This earthbag school is in a remote village in the Solkhumbu District of Nepal.

This earthbag school is in a remote village in the Solkhumbu District of Nepal.

By Alec Cope
We Are Change

Chloe and Olivier are a couple who are creating a documentary project about natural, and alternative building methods around the world. In February, 2015 they took part to a building site in rural Nepal – it is still standing. 

Chloe and Olivier had this to say about their time building the eco-friendly buildings:

We helped to build a teacher training center with earth-bags. We have made a short video to present: the work of the First Step Himalaya’s NGO promoting education in Nepal – the Earth-bags building process and some of the advantages of this kind of building ( cheap, simple and eco-friendly…)
After the terrible earthquake, this earth-bags building is still standing, like the other sixty which are in Nepal. This is an evidence of the great resistance of this construction, as a lot of people are proclaiming for years, without the financial (capability) to organize large tests. Amongst the disaster, which has hurt the Nepalese (in the) last few weeks, there is a glimpse of hope to avoid future victims in Nepal or in any seismic area in the world. We can’t prevent an earthquake, but people are dying because of the collapsing of the buildings rather than seismic (activity) itself.

Chloe and Olivier were in Sindhupalchok, Nepal; in February of 2015 with the First Step Himalaya’s NGO project to create the buildings and also record the progress as part of a documentary project the couple is working on. The project was perfect for their documentary, which is based upon natural and alternative building methods from around the world.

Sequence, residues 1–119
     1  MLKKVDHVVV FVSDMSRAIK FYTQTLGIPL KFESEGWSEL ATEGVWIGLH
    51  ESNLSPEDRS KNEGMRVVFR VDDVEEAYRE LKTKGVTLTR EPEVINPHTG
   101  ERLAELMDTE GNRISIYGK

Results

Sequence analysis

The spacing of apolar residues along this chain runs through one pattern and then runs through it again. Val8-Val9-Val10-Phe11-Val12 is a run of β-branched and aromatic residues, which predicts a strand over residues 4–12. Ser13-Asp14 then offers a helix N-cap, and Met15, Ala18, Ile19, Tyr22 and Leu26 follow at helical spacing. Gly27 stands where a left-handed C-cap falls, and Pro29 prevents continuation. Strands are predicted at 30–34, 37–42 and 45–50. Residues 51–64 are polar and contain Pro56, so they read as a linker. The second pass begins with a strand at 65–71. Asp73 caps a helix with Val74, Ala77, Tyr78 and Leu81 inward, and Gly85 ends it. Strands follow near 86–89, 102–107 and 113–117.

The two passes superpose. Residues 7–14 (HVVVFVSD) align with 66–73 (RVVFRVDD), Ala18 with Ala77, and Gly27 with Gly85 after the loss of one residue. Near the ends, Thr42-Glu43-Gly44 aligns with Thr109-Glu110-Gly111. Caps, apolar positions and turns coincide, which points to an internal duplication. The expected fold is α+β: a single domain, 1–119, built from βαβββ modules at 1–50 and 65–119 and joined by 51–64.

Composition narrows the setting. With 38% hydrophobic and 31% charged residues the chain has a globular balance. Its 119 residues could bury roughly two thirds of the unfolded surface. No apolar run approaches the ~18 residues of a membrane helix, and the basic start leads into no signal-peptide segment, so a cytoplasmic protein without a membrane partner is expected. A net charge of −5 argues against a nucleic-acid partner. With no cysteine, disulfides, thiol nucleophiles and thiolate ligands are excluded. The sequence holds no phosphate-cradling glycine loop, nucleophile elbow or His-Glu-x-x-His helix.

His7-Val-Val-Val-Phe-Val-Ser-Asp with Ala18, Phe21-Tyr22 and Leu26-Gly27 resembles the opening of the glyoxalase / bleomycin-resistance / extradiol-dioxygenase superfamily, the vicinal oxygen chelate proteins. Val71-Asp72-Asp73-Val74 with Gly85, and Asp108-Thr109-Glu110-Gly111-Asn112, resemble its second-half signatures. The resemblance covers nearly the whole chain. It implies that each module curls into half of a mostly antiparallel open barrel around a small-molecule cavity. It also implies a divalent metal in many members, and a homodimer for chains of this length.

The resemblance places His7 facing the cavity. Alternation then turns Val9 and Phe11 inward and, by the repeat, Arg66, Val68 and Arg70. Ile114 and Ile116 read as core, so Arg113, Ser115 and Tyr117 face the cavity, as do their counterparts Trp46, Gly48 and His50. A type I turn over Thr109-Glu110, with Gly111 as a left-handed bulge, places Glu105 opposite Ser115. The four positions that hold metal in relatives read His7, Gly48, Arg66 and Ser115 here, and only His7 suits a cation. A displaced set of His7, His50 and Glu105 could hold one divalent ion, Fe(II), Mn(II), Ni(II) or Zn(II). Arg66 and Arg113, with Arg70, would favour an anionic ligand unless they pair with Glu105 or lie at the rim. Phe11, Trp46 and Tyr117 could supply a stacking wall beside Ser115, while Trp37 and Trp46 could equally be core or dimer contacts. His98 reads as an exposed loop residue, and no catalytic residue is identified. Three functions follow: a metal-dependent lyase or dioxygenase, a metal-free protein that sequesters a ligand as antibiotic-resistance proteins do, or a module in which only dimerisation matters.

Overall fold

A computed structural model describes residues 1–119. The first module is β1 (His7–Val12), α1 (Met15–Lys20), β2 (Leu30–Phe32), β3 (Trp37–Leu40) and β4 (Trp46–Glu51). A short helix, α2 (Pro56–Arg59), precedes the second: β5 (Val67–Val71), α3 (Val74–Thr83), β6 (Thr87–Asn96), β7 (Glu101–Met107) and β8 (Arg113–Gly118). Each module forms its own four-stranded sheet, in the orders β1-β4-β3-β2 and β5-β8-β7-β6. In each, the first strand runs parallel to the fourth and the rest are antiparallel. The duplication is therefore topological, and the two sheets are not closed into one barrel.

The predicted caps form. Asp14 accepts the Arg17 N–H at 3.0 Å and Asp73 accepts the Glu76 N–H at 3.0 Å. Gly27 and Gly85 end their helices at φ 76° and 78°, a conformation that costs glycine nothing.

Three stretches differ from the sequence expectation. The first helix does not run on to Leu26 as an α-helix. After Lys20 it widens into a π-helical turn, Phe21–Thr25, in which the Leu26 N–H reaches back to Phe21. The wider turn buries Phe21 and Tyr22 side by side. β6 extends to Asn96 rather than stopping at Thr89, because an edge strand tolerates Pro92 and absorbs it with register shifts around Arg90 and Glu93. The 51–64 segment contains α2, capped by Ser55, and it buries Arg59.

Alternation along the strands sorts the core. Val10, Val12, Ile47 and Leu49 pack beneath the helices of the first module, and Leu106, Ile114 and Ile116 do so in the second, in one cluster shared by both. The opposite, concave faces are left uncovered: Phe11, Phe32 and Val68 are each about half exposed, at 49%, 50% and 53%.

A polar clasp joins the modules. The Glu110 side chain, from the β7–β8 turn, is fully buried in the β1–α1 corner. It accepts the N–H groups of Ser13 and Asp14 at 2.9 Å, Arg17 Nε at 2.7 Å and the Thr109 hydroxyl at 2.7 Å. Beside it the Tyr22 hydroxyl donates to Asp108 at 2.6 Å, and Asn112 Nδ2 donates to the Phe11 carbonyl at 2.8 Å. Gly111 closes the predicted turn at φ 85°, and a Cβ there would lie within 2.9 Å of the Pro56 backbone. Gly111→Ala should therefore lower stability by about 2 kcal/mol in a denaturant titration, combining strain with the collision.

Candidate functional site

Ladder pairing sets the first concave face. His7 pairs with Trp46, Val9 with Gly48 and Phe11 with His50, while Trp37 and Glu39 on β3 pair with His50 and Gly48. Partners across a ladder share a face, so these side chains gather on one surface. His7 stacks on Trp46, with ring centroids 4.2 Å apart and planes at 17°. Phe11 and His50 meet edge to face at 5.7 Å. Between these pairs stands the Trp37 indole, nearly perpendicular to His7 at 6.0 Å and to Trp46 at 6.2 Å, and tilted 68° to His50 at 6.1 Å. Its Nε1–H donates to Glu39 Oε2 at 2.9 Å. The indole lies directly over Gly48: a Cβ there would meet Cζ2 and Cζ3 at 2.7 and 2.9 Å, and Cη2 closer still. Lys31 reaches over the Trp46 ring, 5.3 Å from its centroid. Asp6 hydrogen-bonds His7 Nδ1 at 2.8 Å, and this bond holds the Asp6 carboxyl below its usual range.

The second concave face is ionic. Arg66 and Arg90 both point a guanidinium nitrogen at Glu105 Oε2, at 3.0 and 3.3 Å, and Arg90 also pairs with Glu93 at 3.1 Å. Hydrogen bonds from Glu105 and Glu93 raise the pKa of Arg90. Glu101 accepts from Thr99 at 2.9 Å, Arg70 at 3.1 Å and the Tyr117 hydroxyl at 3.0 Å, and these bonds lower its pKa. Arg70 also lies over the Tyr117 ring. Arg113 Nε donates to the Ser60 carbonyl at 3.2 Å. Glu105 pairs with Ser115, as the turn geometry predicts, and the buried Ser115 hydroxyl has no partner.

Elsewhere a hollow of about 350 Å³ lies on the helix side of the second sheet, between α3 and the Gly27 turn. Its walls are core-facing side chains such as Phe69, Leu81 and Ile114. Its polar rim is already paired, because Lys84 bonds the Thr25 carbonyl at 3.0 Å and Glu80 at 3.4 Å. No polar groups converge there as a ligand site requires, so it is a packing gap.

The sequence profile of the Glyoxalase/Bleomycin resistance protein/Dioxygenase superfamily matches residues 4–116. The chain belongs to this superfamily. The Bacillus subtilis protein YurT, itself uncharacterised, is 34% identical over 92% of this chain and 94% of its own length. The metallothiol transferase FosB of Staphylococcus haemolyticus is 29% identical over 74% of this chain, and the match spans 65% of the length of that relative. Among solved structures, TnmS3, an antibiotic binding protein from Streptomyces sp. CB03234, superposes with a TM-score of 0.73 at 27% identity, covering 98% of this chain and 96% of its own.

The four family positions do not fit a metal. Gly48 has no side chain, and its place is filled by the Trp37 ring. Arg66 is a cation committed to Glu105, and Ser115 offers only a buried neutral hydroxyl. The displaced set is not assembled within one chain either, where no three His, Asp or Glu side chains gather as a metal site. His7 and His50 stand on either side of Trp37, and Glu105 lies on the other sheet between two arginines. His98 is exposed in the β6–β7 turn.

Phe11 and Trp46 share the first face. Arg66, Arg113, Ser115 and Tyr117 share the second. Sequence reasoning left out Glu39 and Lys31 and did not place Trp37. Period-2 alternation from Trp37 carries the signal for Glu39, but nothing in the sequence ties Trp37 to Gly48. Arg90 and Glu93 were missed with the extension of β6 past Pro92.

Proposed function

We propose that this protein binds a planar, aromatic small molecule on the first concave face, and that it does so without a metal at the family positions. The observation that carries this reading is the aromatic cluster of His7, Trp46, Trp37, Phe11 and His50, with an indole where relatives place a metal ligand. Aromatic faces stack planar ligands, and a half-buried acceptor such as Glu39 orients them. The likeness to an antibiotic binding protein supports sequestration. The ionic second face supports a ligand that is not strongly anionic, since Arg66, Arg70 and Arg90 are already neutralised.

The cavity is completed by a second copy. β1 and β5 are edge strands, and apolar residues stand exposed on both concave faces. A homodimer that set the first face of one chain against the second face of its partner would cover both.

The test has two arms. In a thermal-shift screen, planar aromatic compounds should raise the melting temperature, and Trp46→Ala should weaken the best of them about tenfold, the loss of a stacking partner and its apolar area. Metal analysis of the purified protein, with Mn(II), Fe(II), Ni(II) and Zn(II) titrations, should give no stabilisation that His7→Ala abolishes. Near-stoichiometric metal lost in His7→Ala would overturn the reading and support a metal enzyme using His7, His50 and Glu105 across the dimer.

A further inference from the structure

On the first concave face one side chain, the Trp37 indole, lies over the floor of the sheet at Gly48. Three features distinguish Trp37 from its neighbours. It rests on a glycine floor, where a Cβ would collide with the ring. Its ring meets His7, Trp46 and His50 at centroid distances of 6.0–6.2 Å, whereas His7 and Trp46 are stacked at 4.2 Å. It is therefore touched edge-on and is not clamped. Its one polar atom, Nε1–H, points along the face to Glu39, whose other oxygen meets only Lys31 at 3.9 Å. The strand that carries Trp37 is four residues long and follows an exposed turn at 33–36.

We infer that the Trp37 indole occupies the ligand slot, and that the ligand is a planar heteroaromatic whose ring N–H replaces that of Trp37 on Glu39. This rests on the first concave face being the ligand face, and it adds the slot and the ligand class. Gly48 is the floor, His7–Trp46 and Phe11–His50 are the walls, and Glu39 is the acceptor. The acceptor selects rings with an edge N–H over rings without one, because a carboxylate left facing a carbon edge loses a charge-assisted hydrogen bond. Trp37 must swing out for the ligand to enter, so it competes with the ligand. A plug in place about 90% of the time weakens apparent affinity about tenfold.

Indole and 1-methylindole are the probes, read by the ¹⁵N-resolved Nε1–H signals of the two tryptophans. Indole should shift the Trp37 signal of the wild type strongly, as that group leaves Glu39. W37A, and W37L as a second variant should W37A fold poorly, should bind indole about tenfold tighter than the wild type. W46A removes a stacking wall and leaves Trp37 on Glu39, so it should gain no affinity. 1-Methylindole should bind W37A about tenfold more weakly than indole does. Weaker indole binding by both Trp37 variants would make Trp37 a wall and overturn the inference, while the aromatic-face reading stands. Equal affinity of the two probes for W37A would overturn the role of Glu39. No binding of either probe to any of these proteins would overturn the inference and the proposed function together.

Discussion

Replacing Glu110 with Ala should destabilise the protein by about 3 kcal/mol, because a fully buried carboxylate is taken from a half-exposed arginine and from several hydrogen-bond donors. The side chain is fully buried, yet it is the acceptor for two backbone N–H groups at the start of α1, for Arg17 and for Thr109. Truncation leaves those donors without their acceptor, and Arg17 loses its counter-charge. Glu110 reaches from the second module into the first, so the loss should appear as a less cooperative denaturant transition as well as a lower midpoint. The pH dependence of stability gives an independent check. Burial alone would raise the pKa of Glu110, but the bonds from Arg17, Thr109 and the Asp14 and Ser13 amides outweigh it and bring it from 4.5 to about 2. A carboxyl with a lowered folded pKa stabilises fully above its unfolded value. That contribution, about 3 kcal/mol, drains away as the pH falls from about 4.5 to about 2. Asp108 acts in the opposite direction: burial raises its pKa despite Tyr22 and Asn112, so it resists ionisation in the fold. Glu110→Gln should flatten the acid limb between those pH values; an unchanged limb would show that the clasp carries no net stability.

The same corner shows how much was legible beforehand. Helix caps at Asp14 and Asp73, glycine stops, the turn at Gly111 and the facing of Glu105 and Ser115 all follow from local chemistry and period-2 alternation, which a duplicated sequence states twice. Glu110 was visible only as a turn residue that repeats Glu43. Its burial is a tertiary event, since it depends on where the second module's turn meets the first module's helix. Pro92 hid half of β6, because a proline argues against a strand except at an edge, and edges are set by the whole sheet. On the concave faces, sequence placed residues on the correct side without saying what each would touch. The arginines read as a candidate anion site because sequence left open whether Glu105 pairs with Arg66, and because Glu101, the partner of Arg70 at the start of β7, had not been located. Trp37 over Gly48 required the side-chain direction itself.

Few days after the achievement of the teacher’s training center, the Sindupalchok region was strongly damage by the earthquake of the 25th april 2015 and aftershocks. Among the debris – this construction is still standing. To the adventurous and compassionate couple, this is evidence of the practical resistance and obvious benefit this inexpensive method of building offers. Today more and more Nepalese and NGOs are choosing this technique to rebuild the damaged areas.

To know more about their amazing project click here and check out their Facebook page here.


Chloe and Olivier

So what do you think about this building method as well as what has unfolded in Nepal? Leave your comments below!

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